Cyber security and digital government – wannacry or tangible reality?
Cyber security is now a global front page issue – events such as the #ecensusfail, alleged foreign government interference in political elections, and Wannacry has brought tremendous focus by the consumer, business and government of the risks of being online in an interconnected world.
Around the world businesses have been halted and government services interrupted.
We are increasingly seeing a symbiotic relationship between managing the cyber security threat and going digital. Indeed, I believe it is critical to overcoming the current challenges to “as a service” adoption – especially by government.
Today, we expect and demand to transact online, anywhere, anytime.
Wannacry and Petya (Goldeneye) attacks have really brought home the vulnerability that comes from living in an interconnected world. But the reality is that these attacks were exploiting a known vulnerability for which a patch had been published by Microsoft in March 2017.
ASD and digital government cyber security.
ASD has for years promoted simple steps that would have protected government, business and the public:
- Patch your systems.
- Back-up your data.
These are among the small handful of measures that have been shown by ASD to prevent over 80% of all cyber attacks. But, the reality is we clearly still struggle to do this ourselves.
There is a risk that the cyber security threat will become another excuse for delaying cloud adoption – especially in Government. On the positive side in recent years we are increasingly seeing an alignment of the stars that is building a groundswell of momentum for secure cloud adoption – particularly at a federal level in Australia.
The election of the Turnbull Government in 2016 has for the 1st time seen the appointment of both:
- A Minister for Digital Transformation – the Hon Angus Taylor;
- A Minister for Cyber Security – the Hon Dan Tehan
At a policy level, the concept of “Cloud First” is common across federal and state governments.
The establishment of the Digital Transformation Agency signalled a clear intention to make this agenda an integral part of the public service agenda. The DTA has taken over many procurement and policy functions from Finance. The DTA is currently working on a new Secure Cloud Strategy that is targeted for release later this year.
We are seeing some tangible evidence that momentum for a more secure cloud is finally happening.
Figure 1: Macquarie Government highlighting the digital government cyber security and projected cloud spend trend.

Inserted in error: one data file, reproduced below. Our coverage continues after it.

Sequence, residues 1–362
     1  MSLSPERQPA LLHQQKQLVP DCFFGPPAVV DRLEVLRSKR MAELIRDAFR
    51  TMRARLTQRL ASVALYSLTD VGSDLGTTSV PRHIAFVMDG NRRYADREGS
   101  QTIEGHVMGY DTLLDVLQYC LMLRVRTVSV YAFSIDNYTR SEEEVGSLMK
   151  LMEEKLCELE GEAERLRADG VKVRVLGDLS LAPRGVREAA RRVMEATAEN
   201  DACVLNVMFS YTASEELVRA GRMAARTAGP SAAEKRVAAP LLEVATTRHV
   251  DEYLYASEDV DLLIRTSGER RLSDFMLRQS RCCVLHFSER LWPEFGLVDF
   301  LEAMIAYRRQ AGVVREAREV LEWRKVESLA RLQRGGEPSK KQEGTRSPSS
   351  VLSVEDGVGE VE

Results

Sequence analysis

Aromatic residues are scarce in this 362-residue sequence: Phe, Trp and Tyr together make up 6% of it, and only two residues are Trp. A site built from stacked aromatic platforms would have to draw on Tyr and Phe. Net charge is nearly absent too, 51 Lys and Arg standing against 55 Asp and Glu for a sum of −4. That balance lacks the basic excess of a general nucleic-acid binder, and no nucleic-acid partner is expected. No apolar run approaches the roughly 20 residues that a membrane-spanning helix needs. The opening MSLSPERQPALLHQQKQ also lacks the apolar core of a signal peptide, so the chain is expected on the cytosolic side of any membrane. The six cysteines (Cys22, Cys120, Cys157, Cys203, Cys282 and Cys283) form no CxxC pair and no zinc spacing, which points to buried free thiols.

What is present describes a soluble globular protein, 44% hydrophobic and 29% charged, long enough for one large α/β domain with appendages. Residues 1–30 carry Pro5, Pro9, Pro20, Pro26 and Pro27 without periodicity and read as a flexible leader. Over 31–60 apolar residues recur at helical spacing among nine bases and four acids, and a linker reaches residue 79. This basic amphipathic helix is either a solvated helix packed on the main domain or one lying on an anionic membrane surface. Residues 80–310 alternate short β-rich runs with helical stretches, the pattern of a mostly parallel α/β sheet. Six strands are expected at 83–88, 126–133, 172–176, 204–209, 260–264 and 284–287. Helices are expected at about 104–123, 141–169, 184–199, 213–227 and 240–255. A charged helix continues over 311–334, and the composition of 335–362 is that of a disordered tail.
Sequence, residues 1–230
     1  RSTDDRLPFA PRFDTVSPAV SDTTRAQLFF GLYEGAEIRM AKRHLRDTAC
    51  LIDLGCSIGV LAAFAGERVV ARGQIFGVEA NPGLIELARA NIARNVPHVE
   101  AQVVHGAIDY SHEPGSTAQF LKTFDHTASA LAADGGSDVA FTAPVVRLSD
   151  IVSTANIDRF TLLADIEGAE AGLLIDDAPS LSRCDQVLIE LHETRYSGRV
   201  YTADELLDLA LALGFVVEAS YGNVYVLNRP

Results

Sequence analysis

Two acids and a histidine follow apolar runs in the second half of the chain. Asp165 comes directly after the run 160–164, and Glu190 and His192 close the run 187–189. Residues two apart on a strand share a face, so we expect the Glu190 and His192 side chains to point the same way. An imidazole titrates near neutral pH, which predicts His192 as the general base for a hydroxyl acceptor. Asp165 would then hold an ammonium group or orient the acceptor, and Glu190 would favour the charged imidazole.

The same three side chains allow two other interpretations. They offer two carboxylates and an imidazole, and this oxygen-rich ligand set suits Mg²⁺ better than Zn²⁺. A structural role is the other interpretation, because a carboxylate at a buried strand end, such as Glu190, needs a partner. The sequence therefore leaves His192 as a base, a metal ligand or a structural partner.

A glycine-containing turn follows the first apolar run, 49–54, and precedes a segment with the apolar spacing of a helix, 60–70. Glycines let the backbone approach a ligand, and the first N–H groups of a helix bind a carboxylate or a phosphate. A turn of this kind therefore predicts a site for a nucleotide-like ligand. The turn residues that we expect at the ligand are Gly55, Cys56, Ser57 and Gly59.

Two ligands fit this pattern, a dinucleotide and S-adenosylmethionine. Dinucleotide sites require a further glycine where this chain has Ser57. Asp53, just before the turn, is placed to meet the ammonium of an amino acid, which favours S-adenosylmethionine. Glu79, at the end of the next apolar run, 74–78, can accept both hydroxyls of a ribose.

Cloud spend has effectively been doubling annually – from a very low base. In the context of a $6 Billion plus pa federal ICT budget the reported contract values are still relatively small. The trend however is clear.
In the federal context, the Information Security Manual published by ASD mandates agencies to use cloud providers on the ASD approved Certified Cloud Services List. It should not be surprising that an assessment of published data by Intermedium shows that over 80% of the total contract value in FY2017 has gone to suppliers on the CCSL. This aligns to recommendations from the Government’s Review of the eCensus that called for security to be “baked in” in order to encourage digital transformation.
UK: digital government cyber security.
The UK Government experience is quite relevant to Australia.
The DTA has been modelled very closely on the UK Government Digital Service.
The GDS was supported not only by strong cloud first policies but also by both spend targets and commitment to award business to the SME market.
On study trips to the UK we learnt that UK agencies have largely developed a pragmatic strategy of moving to cloud, based on the characteristics of the specific application or workload. Existing virtualised workloads and new apps have been the first targets for moving to an “as a service” model. They provide the quick wins to show that the outcome works.
The large custom built legacy apps were often seen as too difficult to work with. The UK approach was to move these platforms to centralised government data centres until the application could be replaced.
In Australia, we are seeing a similar app by app approach in government. Again, new Apps that deliver a better digital experience and are designed to operate natively in the cloud are those that most easily encourage as-a-service adoption. It is critical when doing this, however, to take account of the security implications at the start – otherwise it can be a very costly exercise to try and do it when you look to go live in production.
Digital government cyber security – in summary.
- 1. Recent global attacks have brought home to all the risks of being online.
- 2. The cyber threat needs to be managed and baking in security is essential to overcoming the challenges to “as a service”;
- a. The risks cannot be ignored.
- b. Not just a problem for IT – is a challenge to be faced by all.
- c. Industry needs to do its part by demonstrating how their services are meeting the ISM.
- 3. Momentum is happening. Governments at all levels are making measurable progress in “as a service adoption”;
- a. At a federal level the CCSL is an enabler.
- b. Government can do more to make this process more transparent and clear.
- 4. There is no one right way. Experience shows us that the key is to get the right fit for the application. Sometimes this will be a hyper scale offering – other times it will be about delivering a more specialised outcome.
National Director, Government